This Saturday, the world’s first floating nuclear power plant, Russia’s 70-megawatt Akademik Lomonosov, began its first trip from St. Petersburg, announced Greenpeace in an alarming statement. The ship, launched to provide energy to geographically challenging coastlines such as Russia’s sub-Arctic regions, started heading towards Murmansk, a city located at the end of a deep bay off the Barents Sea.
A mission already once derailed
The floating nuclear power plant has a long route ahead, according to a release issued by state-controlled nuclear giant and builder of the Akademik Lomonosov Rosatom. The ship is scheduled to be towed around Norway, fuelled in Murmansk in 2019 and then sailed to the Arctic to power the town of Pevek, a desalination plant and drilling rigs.
The news has worried Greenpeace, several other countries and the media who have dubbed the ship the “nuclear Titanic” and its mission “Chernobyl on ice.” Noise surrounding Akademik Lomonosov's activities has already seen the ship derailed once.
The floating plant was initially supposed to be loaded with nuclear fuel and tested on St. Petersburg’s shipyard site, in water shared with Estonia, Finland, Latvia, Lithuania and Sweden. A petition organized by Greenpeace Russia and backed by pressure from the Baltic states saw the mission moved to Murmansk.
“To test a nuclear reactor in a densely populated area like the centre of St. Petersburg is irresponsible to say the least,” said Jan Haverkamp, nuclear expert for Greenpeace Central and Eastern Europe. However, the move did not alleviate the environmental group’s concerns.
“Moving the testing of this ‘nuclear Titanic’ away from the public eye will not make it less so: Nuclear reactors bobbing around the Arctic Ocean will pose a shockingly obvious threat to a fragile environment which is already under enormous pressure from climate change,” Haverkamp added.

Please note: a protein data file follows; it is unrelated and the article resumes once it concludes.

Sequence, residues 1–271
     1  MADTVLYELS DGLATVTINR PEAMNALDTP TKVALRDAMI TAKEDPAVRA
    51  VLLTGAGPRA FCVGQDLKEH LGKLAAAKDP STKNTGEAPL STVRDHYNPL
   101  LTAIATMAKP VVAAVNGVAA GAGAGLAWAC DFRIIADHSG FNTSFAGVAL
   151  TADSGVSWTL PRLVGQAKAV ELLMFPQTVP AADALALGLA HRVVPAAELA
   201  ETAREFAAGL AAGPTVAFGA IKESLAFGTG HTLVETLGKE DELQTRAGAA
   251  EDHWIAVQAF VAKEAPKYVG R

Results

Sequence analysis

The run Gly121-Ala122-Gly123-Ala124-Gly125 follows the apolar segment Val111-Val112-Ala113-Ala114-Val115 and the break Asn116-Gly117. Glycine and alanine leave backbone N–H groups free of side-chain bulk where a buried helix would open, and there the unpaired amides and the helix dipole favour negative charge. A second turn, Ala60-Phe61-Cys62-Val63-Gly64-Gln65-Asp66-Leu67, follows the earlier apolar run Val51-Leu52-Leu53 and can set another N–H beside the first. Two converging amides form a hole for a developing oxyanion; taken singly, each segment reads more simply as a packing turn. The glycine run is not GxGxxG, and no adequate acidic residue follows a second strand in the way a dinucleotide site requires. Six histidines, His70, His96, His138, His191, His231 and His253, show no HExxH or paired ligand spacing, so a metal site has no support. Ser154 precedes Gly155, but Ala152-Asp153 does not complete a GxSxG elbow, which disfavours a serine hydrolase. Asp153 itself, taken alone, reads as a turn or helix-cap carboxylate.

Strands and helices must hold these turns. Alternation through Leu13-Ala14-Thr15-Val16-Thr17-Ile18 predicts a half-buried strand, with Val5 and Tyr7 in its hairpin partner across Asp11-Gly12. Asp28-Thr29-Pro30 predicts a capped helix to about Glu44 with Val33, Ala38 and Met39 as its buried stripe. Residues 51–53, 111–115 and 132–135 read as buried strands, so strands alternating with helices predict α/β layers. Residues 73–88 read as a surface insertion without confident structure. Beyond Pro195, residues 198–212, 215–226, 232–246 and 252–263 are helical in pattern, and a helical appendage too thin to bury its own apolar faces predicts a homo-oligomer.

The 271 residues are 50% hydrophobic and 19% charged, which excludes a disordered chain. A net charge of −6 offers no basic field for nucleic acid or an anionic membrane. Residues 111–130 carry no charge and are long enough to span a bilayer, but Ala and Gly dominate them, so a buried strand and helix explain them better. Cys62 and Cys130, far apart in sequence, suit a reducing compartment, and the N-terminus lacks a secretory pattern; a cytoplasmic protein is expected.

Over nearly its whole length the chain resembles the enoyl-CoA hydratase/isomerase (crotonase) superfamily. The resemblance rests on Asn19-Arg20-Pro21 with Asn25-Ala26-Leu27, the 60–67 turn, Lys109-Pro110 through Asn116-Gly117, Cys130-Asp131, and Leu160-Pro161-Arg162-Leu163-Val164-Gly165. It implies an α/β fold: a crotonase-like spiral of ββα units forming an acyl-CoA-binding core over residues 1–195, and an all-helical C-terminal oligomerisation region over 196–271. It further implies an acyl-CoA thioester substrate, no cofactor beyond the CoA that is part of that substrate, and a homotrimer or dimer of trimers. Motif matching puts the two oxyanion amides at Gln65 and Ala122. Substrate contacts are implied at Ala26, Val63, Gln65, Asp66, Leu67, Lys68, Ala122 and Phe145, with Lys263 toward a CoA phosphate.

Mass producing potential disaster
The ship contains twin nuclear reactors with enough power to feed a city of about 100,000 people and is intended mainly to provide power for oil and gas exploration, a polluting and potential catastrophic endeavor. According to Russian media sources, Rosatom is planning on mass producing its floating nuclear plants for potential markets in Africa, Latin America and South East Asia.
Needless to say, this has troubled Greenpeace. “This hazardous venture is not just a threat to the Arctic, but, potentially, to other densely populated or vulnerable natural regions too,” said Haverkamp.
“The floating nuclear power plants will typically be put to use near coastlines and shallow water. Contrary to claims regarding safety, the flat-bottomed hull and the floating nuclear power plant’s lack of self-propulsion makes it particularly vulnerable to tsunamis and cyclones,” continued Haverkamp.
Russia, China and the United States have all been competing for control over the Arctic in what some have been referring to as the new cold war. Russia hosts more than half of the Arctic’s coastline along its northern shores and is said to be seeking access to the region’s suspected potential $35 trillion worth of oil and natural gas.